REV: NOVEMBER 21, 2006
MIHIR A. DESAI GABRIEL J. LOEB MARK F. VEBLEN
Tax-Motivated Film Financing at Rexford Studios
Charles O. Shaw, president and head of production for Rexford Studios, Inc., stared through his windshield at the bumper-to-bumper traffic on Highway 101, just north of Melrose in Hollywood. Given Rexford’s box office successes in 2000 and 2001, Shaw realized that the next few years would truly define the midsize studio’s place in the competitive production industry. A new slate of 15 films was ready to be “green-lighted” for production over the next three years, but Shaw was under increasing pressure from the Rexford board of directors to reduce financing costs and mitigate the risks associated with film production. On Shaw’s mind on this hot afternoon in September 2002 was a film-funding proposal from Film Fund International II, GmbH (FFI) in Germany to fund a single film—the first on Rexford’s new slate—scheduled to begin production in January of 2003. FFI was a relatively new financing source for funding U.S. films via film-specific investment vehicles. Shaw knew that the major studios had finance groups that sourced funds from around the world—possibly through similar structures—but without a finance group of his own to support him, Shaw had to quickly learn more about the mechanics and risks involved in the proposed deal.1 More specifically, Shaw knew that if the deal closed, he would have to immediately deposit a substantial amount of cash in a German bank. Part of his decision to go ahead with the deal, however, depended on how much he would have to deposit. Even if he decided to go ahead with this deal and deposit the money, he wondered how much it would benefit Rexford and how much value each of the other parties involved was receiving. Was there room to negotiate with them for a better deal? He needed to come up with answers quickly so he could advise Rexford’s board at its meeting next week.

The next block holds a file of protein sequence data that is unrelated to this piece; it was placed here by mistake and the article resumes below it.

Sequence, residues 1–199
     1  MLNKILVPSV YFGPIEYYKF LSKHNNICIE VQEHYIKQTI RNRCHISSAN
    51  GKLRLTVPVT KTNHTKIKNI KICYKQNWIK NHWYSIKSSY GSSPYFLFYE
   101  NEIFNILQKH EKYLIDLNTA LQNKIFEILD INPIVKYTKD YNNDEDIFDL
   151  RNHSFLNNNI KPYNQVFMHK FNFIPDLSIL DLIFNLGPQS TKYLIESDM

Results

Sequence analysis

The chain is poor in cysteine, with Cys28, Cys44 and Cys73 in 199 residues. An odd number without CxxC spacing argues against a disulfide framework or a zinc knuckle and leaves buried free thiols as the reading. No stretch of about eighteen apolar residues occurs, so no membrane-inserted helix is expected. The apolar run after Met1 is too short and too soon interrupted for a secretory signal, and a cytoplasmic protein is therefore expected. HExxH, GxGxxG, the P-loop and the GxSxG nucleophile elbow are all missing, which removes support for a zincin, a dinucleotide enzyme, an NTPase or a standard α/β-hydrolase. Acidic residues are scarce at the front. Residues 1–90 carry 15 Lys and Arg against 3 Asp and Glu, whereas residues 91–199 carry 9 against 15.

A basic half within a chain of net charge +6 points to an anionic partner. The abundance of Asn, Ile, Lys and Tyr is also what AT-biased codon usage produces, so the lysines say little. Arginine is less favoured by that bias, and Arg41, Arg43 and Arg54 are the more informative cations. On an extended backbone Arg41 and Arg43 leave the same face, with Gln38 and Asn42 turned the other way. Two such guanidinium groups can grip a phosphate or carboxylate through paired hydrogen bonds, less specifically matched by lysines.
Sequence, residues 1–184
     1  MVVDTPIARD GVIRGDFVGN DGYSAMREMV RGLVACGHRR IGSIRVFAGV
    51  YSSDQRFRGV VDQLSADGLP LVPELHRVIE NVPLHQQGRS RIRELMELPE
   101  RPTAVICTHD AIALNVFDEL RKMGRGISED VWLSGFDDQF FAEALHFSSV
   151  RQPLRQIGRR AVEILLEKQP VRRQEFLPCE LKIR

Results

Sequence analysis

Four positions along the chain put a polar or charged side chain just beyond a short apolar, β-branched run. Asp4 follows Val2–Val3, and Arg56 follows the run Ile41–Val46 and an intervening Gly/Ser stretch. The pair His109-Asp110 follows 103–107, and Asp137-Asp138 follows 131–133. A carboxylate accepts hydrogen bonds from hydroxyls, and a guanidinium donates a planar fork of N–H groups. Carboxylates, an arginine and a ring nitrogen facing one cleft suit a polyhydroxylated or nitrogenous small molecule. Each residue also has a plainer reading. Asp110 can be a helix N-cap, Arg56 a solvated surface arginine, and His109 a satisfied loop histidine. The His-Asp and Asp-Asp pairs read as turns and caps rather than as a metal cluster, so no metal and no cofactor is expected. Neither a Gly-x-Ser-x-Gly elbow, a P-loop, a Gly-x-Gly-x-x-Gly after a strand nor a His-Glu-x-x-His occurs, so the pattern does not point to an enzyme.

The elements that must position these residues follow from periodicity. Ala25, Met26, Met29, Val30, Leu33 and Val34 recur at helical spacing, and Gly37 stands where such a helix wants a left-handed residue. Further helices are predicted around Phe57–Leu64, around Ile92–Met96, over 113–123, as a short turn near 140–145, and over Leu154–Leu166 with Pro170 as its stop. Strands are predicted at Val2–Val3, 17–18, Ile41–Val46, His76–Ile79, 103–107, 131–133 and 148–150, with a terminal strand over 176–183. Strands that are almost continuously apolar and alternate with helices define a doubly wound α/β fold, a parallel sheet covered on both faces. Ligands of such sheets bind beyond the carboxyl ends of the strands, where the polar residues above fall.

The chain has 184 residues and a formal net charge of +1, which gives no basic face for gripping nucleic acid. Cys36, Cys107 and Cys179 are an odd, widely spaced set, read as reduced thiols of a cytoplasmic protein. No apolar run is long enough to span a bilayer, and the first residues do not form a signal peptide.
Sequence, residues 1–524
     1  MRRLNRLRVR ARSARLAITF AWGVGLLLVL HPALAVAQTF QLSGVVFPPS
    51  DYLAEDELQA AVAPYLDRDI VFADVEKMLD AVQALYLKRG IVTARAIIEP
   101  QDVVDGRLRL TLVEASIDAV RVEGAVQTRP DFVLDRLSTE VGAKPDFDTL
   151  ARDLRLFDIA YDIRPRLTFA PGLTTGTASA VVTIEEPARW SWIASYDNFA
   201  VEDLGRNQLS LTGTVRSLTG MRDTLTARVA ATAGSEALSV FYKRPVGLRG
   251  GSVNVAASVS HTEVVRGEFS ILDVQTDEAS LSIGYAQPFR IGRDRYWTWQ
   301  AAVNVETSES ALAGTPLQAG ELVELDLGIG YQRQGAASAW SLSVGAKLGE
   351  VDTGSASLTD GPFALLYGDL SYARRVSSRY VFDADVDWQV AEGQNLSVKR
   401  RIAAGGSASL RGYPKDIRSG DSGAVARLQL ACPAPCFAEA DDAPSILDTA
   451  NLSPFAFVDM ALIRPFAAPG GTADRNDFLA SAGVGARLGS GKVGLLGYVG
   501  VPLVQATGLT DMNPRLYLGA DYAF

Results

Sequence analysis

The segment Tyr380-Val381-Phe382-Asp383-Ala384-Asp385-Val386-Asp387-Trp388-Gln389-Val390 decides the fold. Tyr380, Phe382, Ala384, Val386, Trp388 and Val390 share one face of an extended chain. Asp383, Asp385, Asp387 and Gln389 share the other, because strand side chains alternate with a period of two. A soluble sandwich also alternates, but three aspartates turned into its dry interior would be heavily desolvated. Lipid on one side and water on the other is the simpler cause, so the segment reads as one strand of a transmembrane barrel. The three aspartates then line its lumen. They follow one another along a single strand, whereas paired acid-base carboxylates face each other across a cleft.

1 German film funds have...